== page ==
The city of Detroit, along with Wayne County and officials at the Michigan state tax commission, broke the law when it failed to notify in a timely matter tens of thousands of Detroit residents of their right to appeal tax assessments of their property that ended with many of them owing property tax balances they could not afford or losing their homes to illegal foreclosures, according to a class-action lawsuit, provided exclusively to The Root.
The lawsuit claims that, in 2017, the state of Michigan directed Detroit to complete a wholesale residential reappraisal, the first in 60 years. But, in the process, the city and the state failed to notify Detroit homeowners of their new property assessments until it became impossible for them to appeal.
Detroit homeowners were to receive a new assessment and the right to challenge it on or before February 15, 2017. Detroit, the lawsuit claims, delayed sending notices to them, mailing some 260,000 notices no earlier than February 14, 2017. “Knowing they sent all notices late, the Detroit Defendants made half hearted—and constitutionally inadequate—attempts to remedy the situation that sowed layer upon layer of legal error and public confusion. The litany of missteps the Detroit Defendants took severely exacerbated the resulting due process violation in 2017,” the lawsuit claims.
Consequently, Detroit homeowners that year had to accept the assessments and the property tax bills that came with them.
“The City’s failure eviscerated the due process rights of every Detroit homeowner in one blow,” the lawsuit, which was filed in the United States District Court for the Eastern District of Michigan, reads.
The results were disastrous. According to an investigation by the Detroit News, Detroit property owners were overtaxed more than $600 million “after it failed to accurately bring down property values in the years following the Great Recession.”
Here are some key finding from the investigation:
- Of 173,000 Detroit homes reviewed, more than 92 percent were over-assessed between 2010 and 2016, and overtaxed by an average total of $3,800. Nearly 96,000 of those properties were taxed twice as much as they should have been in at least one of those years.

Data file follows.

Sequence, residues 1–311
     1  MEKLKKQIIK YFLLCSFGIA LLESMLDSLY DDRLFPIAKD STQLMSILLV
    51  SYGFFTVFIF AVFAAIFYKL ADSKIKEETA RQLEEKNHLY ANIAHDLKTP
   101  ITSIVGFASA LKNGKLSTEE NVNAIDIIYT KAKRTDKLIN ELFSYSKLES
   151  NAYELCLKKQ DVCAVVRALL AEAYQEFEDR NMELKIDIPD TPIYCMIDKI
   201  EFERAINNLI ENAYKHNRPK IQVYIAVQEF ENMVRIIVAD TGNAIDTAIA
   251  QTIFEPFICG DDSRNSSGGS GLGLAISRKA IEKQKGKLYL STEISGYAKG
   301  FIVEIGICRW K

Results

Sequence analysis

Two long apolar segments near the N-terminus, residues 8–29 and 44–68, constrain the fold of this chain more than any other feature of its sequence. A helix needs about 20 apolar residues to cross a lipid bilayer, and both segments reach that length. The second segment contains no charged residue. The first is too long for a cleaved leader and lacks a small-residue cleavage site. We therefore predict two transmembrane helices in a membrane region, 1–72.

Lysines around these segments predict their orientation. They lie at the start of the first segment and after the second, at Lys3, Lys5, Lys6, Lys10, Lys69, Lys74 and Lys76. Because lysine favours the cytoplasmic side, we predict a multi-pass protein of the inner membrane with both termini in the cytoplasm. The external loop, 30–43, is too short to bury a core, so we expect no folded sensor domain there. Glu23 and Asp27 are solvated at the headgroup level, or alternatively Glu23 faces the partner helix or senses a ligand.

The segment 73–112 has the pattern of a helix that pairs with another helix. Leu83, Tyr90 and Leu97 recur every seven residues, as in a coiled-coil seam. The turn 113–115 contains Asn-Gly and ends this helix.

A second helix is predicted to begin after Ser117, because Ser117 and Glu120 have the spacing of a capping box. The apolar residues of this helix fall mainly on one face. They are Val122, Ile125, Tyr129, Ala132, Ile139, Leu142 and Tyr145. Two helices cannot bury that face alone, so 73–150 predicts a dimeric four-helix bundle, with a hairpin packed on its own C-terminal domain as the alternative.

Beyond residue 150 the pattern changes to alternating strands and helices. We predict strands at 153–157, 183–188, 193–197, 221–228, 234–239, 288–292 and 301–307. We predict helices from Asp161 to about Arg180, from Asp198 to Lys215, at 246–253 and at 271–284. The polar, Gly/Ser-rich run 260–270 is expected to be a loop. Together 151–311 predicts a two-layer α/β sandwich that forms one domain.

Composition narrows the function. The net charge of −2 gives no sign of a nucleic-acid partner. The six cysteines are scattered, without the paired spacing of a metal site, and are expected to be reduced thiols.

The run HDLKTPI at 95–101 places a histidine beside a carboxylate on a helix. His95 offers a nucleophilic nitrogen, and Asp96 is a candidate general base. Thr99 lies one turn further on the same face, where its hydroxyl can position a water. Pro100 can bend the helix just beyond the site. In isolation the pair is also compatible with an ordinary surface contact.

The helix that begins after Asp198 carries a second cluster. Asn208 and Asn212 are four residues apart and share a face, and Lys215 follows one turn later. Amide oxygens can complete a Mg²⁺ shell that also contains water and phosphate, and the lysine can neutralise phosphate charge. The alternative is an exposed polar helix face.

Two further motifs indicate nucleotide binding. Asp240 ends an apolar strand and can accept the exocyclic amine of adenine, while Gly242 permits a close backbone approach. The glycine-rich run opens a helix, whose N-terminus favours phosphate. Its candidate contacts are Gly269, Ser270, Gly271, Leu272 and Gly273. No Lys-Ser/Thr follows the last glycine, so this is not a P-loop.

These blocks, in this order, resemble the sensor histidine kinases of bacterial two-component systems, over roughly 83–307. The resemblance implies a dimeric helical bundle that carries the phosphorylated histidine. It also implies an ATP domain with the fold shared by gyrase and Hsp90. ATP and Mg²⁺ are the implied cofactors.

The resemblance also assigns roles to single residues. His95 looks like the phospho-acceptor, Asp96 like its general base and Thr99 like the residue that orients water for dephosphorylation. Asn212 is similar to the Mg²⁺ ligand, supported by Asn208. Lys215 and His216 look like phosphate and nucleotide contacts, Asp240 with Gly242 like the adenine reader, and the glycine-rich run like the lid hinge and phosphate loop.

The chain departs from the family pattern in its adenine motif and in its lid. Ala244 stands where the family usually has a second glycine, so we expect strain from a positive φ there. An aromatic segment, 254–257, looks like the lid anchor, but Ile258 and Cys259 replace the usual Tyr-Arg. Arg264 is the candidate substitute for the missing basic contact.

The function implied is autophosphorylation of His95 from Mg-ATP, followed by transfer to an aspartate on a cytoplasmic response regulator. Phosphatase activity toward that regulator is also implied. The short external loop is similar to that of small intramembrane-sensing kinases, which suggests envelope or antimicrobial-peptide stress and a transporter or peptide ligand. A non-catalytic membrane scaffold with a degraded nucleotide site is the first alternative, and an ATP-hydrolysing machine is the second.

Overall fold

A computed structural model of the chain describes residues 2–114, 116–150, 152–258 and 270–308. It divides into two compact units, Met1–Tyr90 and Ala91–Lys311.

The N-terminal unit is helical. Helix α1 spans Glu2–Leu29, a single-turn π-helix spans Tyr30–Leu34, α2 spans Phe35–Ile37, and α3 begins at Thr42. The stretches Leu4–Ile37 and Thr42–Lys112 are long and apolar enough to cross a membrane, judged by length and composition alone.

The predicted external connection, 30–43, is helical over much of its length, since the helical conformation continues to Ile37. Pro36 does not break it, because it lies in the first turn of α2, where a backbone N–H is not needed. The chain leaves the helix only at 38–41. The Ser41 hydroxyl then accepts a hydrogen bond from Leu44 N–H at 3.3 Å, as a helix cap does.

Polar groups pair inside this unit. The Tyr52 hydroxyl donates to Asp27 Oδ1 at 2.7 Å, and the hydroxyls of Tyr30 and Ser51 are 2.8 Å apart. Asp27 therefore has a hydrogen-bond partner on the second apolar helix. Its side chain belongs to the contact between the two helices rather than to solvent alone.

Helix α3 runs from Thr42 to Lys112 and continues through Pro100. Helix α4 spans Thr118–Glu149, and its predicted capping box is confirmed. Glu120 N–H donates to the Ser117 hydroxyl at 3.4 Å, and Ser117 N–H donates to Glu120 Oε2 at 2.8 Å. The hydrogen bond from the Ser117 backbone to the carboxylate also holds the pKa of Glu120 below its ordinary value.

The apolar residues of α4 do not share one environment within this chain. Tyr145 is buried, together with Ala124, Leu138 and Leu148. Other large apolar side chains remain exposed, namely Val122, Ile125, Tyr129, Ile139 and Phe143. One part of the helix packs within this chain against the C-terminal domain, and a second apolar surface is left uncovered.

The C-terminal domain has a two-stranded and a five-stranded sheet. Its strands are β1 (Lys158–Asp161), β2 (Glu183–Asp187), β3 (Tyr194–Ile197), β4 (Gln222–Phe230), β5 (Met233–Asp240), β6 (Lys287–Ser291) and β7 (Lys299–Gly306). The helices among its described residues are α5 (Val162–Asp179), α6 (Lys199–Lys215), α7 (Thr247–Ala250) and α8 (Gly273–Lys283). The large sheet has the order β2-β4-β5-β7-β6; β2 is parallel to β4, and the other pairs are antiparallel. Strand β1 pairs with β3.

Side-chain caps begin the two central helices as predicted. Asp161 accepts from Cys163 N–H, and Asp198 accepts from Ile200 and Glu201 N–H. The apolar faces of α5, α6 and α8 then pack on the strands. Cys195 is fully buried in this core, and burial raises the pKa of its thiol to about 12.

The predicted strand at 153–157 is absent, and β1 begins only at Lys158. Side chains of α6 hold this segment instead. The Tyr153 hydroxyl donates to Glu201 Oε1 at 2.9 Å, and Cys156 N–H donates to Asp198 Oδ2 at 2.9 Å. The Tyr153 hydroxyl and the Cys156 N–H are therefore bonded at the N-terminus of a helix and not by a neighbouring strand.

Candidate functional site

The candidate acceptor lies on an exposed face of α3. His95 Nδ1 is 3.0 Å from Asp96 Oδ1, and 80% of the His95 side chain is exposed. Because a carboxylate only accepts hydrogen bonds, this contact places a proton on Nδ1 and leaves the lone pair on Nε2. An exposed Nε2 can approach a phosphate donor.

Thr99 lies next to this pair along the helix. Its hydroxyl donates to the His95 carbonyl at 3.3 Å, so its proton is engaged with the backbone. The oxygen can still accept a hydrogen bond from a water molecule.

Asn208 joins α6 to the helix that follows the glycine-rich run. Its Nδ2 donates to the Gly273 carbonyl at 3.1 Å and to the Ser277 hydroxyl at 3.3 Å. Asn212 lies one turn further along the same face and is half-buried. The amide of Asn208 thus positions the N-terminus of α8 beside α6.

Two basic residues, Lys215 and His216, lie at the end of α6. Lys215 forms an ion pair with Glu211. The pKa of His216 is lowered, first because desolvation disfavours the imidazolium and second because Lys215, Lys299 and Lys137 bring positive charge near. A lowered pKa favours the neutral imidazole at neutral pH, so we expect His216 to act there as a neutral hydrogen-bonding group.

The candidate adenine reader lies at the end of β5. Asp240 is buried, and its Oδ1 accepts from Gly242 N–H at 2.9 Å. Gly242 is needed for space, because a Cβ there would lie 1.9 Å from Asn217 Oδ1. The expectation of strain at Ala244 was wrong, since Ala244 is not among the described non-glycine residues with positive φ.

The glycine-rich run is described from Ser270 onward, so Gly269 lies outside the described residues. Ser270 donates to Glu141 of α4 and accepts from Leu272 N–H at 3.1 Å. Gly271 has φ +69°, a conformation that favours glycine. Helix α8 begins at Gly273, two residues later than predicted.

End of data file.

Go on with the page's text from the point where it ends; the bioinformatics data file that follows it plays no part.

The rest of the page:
- Of the over-assessed homes, city records show about 79,000 properties have had the same owner since 2010, meaning those homeowners bore the full brunt of the overtaxation. More are likely to have felt the impact because buyers often purchase homes with prior years of unpaid taxes they must pay.
- At least 59,000 homes that were overtaxed still have back taxes today—a total of $153 million, which includes interest and fees. Those same homes were overtaxed by at least $221 million over the seven years, according to the analysis.
The defendants named in the lawsuit include residents Flossie Byrd, William and Billie Hickey, Deborah Howard and Jeffrey Stevenson.
The Coalition for Property Tax Justice is the group leading the charge; Rami N. Fakhouri, Betsy Farrington and Samuel E. Schoenburg of Goldman Ismail Tomaselli Brennan & Baum LLP, of Chicago, is the law firm representing the plaintiffs in court.
As the Detroit News report and the lawsuit state, the city of Detroit tried to correct the issue by completing a state-ordered reappraisal of all residential properties in 2017, but Detroit residents were given foreclosure notices over excessive back taxes they didn’t actually owe.
“By denying homeowners an opportunity to appeal and lower frequently over-assessed property taxes, the Detroit government—including the City of Detroit; the Detroit Offices of the Chief Financial Officer and Assessor; and Mayor Michael Duggan and Assessor Alvin Horhn, acting in their official capacities (collectively the “Detroit Defendants”)—compounded a well-documented crisis that has plagued Detroit for years, leaving many homeowners no recourse but to pay more than they should owe, face delinquency, or even fall prey to property tax foreclosure,” the lawsuit argues.
The defendants, who include Detroit Mayor Mike Duggan, are also accusing Michigan of wrongdoing because, under its State Tax Commission (STC), it assumed control of Detroit’s property tax assessment process between 2014 through 2017. State Tax Commissioners W. Howard Morris and Leonard D. Kutschman, and STC Acting Executive Director David A. Buick, all acting in their official capacities, are also named in the lawsuit.
The complainants are seeking a wide range of relief, including a declaration that the city of Detroit and the state of Michigan violated the due process rights of the residents who didn’t have time to challenge the over-assessments of their homes, injunctions requiring the city and the state to guarantee timely service of property tax assessment notices in the future and to allow members of the class action lawsuit an opportunity to appeal their 2017 property taxes retroactively and damages for residents who paid too much in property taxes.